14 arrested after sit-in at NC Legislative Building

Fourteen protesters were arrested at the North Carolina Legislative Building early Wednesday after sitting in House Speaker Thom Tillis' office for nearly 11 hours.

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RALEIGH, N.C. — Fourteen protesters were arrested at the North Carolina Legislative Building early Wednesday after sitting in House Speaker Thom Tillis' office for nearly 11 hours.

Nearly 20 protesters, described as "workers from McDonalds, Wendy's and Bojangles and clergy members" and dubbed the "Tillis 15," were removed from Tillis' office at about 1:45 a.m. They were handcuffed with plastic zip-ties and led out of the building one by one by General Assembly police.

All 14 were charged with second-degree trespassing and violation of building rules, General Assembly Lieutenant Martin Brock said. They were released Wednesday morning and expected to make court appearances at 2 p.m. All are banned from the Legislative Building until their cases have been resolved.

Police asked the protesters to leave and warned them they would be arrested eight times, after the building closed Tuesday night at 9 p.m., 30 minutes after the last legislative meeting.

The protest began with members of the "Moral Monday" movement gathering at the Legislative Building Tuesday afternoon to pray outside Tillis' office, and more than a dozen protesters went inside bearing signs with sections of the U.S. and North Carolina constitutions regarding their rights to assemble and petition their legislators.

Tillis, the Republican nominee for the U.S. Senate this year, was not in his office when the sit-in started Tuesday afternoon. He presided over the House session just across the hall, but when the House adjourned, did not return to his office or answer protester calls to meet with him. He is in a heated Senate race this year, looking to unseat Democratic Sen. Kay Hagan. The outcome of North Carolina's seat could help decide the majority in the Senate.

Anna Roberts, a spokeswoman for Tillis, declined to comment on the demonstration in the speaker's office and Tillis didn't respond to a phone message Tuesday evening. Tillis regularly didn't comment last year when demonstrators against Republican policies protested in acts of civil disobedience and hundreds were arrested inside the Legislative Building.

For the first two hours, dozens of other protesters lined the balcony of the second floor, holding hands and humming along to hymns, but the crowd dwindled as the night wore on.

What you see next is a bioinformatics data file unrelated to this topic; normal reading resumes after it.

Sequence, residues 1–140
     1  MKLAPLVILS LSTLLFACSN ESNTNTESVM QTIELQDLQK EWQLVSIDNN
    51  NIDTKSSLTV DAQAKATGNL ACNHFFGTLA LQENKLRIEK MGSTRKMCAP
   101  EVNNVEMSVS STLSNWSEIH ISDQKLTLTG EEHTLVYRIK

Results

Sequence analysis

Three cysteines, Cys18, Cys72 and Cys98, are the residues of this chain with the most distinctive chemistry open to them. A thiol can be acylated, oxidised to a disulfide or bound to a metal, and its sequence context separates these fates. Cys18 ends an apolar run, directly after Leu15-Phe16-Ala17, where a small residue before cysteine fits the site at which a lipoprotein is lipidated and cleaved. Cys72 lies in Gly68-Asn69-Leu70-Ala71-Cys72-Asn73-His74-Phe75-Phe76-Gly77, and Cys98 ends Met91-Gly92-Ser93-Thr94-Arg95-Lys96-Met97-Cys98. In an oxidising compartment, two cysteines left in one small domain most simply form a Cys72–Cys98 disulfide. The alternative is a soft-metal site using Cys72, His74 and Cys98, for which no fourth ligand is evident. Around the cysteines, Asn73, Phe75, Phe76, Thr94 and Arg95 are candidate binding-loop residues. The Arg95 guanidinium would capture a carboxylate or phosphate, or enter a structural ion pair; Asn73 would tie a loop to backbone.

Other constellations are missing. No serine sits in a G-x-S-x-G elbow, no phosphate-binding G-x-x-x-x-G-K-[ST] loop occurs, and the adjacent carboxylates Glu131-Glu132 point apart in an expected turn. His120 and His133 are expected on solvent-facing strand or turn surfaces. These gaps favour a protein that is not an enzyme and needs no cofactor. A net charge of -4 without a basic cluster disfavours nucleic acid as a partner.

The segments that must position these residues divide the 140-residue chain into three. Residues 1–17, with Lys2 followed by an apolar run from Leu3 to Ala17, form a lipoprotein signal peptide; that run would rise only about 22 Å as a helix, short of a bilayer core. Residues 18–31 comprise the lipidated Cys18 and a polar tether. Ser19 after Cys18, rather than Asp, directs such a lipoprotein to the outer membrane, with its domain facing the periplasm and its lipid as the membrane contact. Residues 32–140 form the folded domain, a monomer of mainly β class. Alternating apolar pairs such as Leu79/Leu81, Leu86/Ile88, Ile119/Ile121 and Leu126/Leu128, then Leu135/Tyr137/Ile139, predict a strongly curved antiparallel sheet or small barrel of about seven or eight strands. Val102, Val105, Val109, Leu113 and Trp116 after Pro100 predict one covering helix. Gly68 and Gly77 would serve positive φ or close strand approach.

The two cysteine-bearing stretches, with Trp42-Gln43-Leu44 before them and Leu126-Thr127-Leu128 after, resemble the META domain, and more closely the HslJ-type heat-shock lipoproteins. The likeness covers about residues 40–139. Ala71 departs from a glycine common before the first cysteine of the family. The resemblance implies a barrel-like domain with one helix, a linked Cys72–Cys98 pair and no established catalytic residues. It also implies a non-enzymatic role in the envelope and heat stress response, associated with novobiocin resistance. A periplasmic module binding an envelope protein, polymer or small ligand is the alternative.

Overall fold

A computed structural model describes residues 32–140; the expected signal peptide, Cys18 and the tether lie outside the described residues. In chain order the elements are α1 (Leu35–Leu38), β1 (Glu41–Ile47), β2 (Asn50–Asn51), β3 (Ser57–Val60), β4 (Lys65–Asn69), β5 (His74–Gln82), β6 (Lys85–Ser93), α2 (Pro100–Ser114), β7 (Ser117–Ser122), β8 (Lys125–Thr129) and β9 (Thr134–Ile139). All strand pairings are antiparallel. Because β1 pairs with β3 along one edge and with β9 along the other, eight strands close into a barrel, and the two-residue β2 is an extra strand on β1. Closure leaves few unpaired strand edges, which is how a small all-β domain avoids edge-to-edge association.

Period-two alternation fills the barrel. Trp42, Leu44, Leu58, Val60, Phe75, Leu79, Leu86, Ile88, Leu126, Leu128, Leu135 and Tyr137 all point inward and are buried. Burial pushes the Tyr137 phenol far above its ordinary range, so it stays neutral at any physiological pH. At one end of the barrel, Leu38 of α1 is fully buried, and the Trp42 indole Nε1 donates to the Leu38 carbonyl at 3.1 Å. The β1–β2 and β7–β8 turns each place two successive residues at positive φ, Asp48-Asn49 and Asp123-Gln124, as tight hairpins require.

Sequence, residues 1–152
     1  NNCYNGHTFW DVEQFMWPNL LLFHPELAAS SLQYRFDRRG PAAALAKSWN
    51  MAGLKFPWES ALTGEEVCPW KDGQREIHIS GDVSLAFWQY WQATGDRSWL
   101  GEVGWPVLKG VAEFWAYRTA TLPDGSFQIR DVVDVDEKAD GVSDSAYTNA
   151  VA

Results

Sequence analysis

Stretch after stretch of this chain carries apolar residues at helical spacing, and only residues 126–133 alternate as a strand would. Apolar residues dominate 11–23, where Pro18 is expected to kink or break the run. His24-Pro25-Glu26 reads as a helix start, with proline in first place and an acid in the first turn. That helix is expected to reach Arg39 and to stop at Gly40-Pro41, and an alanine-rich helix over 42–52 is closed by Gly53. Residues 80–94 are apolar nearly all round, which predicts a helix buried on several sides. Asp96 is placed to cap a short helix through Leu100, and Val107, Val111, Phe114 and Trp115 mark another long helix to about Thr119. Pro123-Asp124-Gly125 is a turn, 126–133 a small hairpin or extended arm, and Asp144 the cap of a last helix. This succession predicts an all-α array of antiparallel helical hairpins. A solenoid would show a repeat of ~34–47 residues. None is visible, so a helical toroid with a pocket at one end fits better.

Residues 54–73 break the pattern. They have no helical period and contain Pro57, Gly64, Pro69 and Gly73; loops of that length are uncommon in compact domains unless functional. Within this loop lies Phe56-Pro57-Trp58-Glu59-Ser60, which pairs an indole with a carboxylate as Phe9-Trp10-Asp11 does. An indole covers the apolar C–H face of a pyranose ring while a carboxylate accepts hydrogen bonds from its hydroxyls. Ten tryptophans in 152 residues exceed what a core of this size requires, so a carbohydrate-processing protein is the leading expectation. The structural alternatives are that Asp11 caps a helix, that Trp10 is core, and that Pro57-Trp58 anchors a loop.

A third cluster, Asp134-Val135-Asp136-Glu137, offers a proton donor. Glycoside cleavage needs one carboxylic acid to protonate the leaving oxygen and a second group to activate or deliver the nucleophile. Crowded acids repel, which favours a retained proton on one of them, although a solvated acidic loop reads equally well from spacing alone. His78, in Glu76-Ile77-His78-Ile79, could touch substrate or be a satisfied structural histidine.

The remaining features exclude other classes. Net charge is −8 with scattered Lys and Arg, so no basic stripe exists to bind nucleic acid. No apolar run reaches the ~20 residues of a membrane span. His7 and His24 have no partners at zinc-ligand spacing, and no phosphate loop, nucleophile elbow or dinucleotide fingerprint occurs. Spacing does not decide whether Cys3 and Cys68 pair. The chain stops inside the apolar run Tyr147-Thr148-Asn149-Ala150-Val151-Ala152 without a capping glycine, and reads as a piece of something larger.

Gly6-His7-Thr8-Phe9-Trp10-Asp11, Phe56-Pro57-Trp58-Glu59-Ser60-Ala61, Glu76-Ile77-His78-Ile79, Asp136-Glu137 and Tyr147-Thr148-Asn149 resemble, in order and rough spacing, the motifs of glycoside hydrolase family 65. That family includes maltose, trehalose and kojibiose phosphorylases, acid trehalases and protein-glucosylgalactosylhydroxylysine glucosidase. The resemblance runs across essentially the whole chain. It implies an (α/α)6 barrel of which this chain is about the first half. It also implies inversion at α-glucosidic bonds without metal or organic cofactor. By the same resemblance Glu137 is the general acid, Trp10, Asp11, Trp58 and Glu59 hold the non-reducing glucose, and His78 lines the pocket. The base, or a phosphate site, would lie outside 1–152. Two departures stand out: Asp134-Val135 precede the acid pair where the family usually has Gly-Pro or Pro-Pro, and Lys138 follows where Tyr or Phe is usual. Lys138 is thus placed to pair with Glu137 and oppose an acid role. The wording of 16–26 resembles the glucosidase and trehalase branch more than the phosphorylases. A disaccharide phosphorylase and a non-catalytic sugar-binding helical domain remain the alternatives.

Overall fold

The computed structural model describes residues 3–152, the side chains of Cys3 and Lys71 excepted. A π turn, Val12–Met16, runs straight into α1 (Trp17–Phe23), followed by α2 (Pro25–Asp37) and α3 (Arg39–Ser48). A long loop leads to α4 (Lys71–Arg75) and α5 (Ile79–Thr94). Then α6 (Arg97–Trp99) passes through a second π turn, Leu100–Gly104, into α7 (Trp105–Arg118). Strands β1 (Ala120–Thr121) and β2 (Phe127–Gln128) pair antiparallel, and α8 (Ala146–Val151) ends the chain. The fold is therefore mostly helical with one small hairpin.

"This shows the kind of games that they play," said the Rev. William Barber, president of the state NAACP. "Last year it was arrest them quick and get out. This year, it's game after game after game instead of coming to the table and repealing these laws that are hurting people."

Police initially swarmed the hall in front of Tillis' office, but later dispersed when the House meeting ended. Demonstrators inside, along with Barber, held an unofficial news conference from Tillis' doorway, as his aide and the Sergeant-at-arms looked on.

In the fourth hour, pizza was delivered and the protesters inside and outside Tillis' office started a chorus of spirituals. A mix of police, news media, protesters and General Assembly staff milled about on the second floor of the Legislative Building, waiting, as those inside gave interviews and posed for pictures. Sleeping bags also arrived, along with more food and cases of soda for protesters and onlookers.

By late Tuesday evening, nearing the seventh hour, the atmosphere in Tillis' office shifted from tense policy confrontation to relaxed chit-chat and laughs. Protesters leaned against tables discussing who would get to use the air mattress, Tillis' aide, William Morales, who stayed in the office with the protesters all night, leaned back in his chair and chatted about theater and music with the protesters and read a book.

As Tuesday turned to Wednesday, the protesters were laying on the floor, limbs and heads hanging out of the doorway. Some broke into song, some left the room to go sleep on a nearby couch. Reporters loitered in front of the doorway.

Crystal Price, 27, of Greensboro said she decided to participate because she's is struggling to take care of her family on a minimum wage salary. Price has cervical cancer and prepares hamburgers at a Wendy's restaurant. She said she makes $400 a month and has to decide whether to pay for health care for her two children or herself.

"For them to go to the doctor to get a physical, to go to the dentist ... I have to decide, do I get me done or get them done," she said. And she said she always chooses them, but it's a struggle.

She said she is uninsured and has to pay all of her medical expenses out of pocket, she decided to participate in the sit-in because she wants things to change.

Stella Adams, one of the protesters arrested early Wednesday, said she doesn't understand why Tillis wouldn't come to his office. 

"I tell them to get out and meet the people you harm. Look them in the eye. Talk to them," she said of lawmakers. "We went to speak to Speaker Tillis, ask him to look us in the face and tell us he's done right by and he chose not to."

Tuesday's demonstration kicked off with about 200 people singing, clapping and chanting in a tent on Halifax Mall shortly after noon.

Organizers handed out signs and sheets of talking points for volunteers who planned to lobby individual lawmakers for an expansion of Medicaid, the restoration of the Earned Income Tax Credit, the extension of unemployment benefits, more money for teachers and public schools and stronger environmental regulation.


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